As far as being calm and gentle goes, the Boston Terrier is very good about knowing its limits. It is not an aggressive breed by any standards, despite originally being used for fighting. Again, it is very friendly with everyone it encounters and is always eager to please.
This is also a great family dog. For one, the Boston Terrier will likely get along fine with all members of the household, despite age, gender, or species. They are also protective, so families can be confident that they have someone to look after them. Of course, these dogs do not appear intimidating. But, again, they were once used for fighting. While the desire to fight has long gone, their strength has not. They will do anything to protect their family. Unfortunately, their strength makes them a bit rough at times when they play, but they are overall very well behaved.
Going along the lines of being protective, the Boston Terrier is also an intelligent and alert breed of dog. They are very aware of their surroundings, and it is easy for them to detect threats when they are present. They will bark to alert other dogs or their family of potential threats or other happenings, but only when necessary. In comparison to other breeds, this is one of the quieter ones.
This dog is also highly trainable. Because of its intelligence and eagerness to please its owner, it can be trained to perform a number of tasks and behave well in a variety of environments. The Boston Terrier is also very well-mannered, so it is very unlikely that it will chew furniture, be aggressive, or have any other behavioral problems.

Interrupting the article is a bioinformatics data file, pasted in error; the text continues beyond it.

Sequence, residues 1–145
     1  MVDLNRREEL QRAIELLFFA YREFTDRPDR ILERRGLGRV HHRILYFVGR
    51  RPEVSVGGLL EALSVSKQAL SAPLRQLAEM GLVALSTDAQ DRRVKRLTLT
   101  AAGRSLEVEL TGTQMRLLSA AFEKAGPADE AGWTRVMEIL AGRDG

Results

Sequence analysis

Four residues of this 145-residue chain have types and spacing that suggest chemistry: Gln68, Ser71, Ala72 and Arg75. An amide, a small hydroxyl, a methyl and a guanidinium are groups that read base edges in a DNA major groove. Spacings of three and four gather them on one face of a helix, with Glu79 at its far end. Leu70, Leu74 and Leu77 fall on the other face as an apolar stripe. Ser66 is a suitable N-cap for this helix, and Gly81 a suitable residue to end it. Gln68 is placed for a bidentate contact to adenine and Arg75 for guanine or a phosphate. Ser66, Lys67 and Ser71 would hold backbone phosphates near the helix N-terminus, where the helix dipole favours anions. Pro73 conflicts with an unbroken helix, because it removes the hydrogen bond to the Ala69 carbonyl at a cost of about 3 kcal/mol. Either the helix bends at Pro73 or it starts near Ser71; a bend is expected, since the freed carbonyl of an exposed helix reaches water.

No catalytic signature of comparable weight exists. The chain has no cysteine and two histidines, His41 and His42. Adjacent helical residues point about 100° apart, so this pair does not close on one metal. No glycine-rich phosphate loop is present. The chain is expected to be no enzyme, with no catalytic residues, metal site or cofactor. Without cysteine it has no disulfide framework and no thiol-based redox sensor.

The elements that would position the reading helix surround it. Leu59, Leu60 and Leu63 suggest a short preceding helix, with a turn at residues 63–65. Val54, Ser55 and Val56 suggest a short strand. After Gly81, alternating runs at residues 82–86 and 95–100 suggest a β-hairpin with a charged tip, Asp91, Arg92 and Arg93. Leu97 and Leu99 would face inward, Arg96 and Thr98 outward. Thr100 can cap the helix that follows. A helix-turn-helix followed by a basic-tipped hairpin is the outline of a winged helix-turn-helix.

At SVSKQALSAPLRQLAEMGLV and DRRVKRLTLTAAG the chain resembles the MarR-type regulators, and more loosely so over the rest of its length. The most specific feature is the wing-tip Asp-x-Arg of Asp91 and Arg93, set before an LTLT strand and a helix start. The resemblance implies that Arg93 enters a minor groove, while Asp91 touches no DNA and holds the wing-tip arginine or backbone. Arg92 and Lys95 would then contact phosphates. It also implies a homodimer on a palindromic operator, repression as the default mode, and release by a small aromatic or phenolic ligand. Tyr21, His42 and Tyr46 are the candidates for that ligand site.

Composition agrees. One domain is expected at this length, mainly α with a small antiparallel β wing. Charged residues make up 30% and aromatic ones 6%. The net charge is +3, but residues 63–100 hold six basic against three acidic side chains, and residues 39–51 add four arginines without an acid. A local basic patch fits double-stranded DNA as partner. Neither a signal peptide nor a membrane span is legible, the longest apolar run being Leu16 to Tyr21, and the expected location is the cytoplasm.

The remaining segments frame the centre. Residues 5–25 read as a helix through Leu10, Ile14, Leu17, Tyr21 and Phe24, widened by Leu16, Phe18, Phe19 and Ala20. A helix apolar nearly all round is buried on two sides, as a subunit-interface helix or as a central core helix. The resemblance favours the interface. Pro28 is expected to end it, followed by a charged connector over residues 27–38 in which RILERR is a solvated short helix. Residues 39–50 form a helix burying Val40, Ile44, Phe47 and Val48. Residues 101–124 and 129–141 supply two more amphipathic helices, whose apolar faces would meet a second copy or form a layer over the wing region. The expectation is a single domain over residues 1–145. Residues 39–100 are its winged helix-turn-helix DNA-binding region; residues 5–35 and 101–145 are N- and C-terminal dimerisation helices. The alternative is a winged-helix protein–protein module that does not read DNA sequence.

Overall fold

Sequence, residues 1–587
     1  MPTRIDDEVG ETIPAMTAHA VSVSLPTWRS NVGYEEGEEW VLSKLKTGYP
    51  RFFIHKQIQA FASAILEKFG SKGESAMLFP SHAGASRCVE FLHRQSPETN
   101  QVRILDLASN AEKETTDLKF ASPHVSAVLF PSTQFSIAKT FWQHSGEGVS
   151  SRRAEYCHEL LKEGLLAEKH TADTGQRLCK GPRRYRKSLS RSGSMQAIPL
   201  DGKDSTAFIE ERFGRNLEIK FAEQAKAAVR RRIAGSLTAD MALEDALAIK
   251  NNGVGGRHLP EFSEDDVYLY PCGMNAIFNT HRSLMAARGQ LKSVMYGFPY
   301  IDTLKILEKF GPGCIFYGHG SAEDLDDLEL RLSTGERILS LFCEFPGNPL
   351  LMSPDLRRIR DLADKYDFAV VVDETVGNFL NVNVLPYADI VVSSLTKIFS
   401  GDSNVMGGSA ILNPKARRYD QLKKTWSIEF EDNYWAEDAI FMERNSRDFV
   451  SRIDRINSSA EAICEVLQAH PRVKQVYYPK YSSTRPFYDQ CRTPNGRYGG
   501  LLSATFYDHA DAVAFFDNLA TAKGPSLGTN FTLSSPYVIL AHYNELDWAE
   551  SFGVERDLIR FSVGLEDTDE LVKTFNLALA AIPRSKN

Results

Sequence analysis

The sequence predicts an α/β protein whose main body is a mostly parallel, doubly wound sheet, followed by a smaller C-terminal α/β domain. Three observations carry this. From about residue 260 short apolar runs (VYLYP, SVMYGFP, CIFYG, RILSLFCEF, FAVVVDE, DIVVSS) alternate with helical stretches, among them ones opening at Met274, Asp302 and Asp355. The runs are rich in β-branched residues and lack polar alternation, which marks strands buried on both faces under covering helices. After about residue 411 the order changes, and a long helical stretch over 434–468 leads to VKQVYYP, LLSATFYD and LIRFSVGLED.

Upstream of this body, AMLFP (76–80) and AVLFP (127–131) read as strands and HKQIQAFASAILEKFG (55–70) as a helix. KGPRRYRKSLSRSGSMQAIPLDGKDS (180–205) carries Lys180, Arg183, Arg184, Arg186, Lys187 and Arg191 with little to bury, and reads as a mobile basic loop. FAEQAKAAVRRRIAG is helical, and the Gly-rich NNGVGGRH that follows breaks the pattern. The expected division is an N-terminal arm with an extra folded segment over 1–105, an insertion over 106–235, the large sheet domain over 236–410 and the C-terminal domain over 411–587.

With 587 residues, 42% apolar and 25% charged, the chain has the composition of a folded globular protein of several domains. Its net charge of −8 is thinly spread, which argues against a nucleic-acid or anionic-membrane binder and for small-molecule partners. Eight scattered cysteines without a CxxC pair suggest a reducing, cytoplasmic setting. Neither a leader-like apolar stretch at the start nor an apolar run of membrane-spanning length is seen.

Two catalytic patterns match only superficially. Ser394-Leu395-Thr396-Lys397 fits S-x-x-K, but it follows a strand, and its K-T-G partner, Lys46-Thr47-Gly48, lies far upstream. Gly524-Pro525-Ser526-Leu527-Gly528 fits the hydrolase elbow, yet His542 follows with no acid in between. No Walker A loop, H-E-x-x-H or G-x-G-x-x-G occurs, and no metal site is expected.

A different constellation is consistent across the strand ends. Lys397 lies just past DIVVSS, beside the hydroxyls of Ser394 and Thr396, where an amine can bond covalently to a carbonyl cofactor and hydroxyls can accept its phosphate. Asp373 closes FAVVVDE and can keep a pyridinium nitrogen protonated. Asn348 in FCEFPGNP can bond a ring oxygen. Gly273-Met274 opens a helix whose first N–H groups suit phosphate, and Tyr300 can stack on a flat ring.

Of course, without proper training and socialization, behavioral issues can arise. However, this is rare among Boston Terriers, which makes them great family pets. These dogs are also very creative, so even during separation that usually makes dogs act out, Boston Terriers can easily entertain themselves and be on their best behavior.
Luckily for Boston Terriers, people stopped breeding them for dog fights a long time ago. Even those who still have the aggressive nature can not (legally) be forced to fight, as dog fighting has been outlawed in many parts of the world, and all throughout the United States for many years.
Their other original purpose, hunting rats, has also been abandoned, since there is no longer a need for vermin catchers as far as dogs are concerned.
The Boston Terrier’s life is simple; companionship. This is an extremely popular breed of dog for families, especially those with varying household member ages and other pets. While this dog is mainly used as a companion animal, it can be entered into dog shows. This breed also performs well at obedience trials and various athletic competitions. However, entries into these competitions are all up to the owner and many choose to keep them strictly as pets and not performers.